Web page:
When cooking with pastry at home, it is important to select the right one for the job, as although the three most commonly used types (puff, shortcrust and filo) are quite adaptable, they will all give a very different result to the final dish.
Much sturdier than puff, shortcrust pastry is a combined dough of flour and fat, resulting in a crumbly texture, rather than flaky. As it has a much closer crumb structure, it can be used to construct robust cases and exteriors for pies and tarts, and can stand up to both wet and dry fillings.
To create this sturdy base, shortcrust is normally blind baked in the required tin before a filling is added, ensuring the pastry has mostly cooked and dried out first. Quicker variations, such as this caramelised shallot and goat’s cheese galette, don’t require blind baking, but be sure to check that the pastry is cooked underneath before serving.
Easily recognisable in many classic recipes, shortcrust pastry forms the base of savoury quiches, comforting pies and a whole host of sweet desserts, from a traditional Bakewell tart to festive mince pies or an elegant tarte au citron. This adaptable pastry is equally suited to making smaller pies and tarts, making it perfect for individual portions or canapés.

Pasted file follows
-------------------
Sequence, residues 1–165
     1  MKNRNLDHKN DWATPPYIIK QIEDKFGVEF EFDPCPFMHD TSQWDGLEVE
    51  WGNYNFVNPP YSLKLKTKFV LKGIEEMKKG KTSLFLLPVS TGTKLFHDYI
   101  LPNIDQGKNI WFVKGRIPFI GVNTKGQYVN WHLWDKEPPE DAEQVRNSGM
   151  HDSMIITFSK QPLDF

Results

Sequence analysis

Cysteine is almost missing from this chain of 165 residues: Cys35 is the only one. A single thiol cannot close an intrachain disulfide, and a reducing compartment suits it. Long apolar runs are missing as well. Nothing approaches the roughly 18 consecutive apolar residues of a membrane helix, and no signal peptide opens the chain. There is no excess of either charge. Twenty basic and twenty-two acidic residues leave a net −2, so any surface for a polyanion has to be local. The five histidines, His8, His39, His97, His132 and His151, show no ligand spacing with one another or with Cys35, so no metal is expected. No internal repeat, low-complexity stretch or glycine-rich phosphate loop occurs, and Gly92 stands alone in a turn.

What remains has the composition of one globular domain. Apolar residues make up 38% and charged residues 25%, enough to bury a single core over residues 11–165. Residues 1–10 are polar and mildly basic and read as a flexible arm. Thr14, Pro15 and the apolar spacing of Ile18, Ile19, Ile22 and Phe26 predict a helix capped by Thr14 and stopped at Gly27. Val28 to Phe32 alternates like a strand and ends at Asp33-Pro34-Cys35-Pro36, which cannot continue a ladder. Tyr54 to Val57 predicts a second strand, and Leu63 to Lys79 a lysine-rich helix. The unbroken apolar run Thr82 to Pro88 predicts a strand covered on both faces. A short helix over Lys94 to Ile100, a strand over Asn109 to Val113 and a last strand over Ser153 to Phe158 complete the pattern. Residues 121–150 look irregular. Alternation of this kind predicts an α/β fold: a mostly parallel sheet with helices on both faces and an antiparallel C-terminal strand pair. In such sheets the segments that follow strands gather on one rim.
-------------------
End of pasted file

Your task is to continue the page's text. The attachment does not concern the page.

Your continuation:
Filo pastry is notably different to both puff and shortcrust. Made with relatively little fat, the pastry comes in very thin sheets which usually need to be layered together to create a thin, flaky casing for fillings. The nature of this pastry makes it a popular choice if looking for healthier options, or when time is short, as it cooks far quicker than puff or shortcrust. On the other hand, it is very fragile, and can rip or tear easily when used, and again, is better suited to slightly drier fillings.
While both puff and shortcrust can be manipulated and shaped quite easily, the layers of filo pastry are not quite as flexible. Tart tins can be lined by overlapping the sheets and this creates the distinctive crinkled layers associated with filo. The layers are usually brushed with butter to help them stick together, but oil can be used for a vegan or dairy-free alternative. Filo can be used as a base for tarts and quiches, or in more exotic dishes, such as samosas or these Chicken, manchego and chorizo briouats.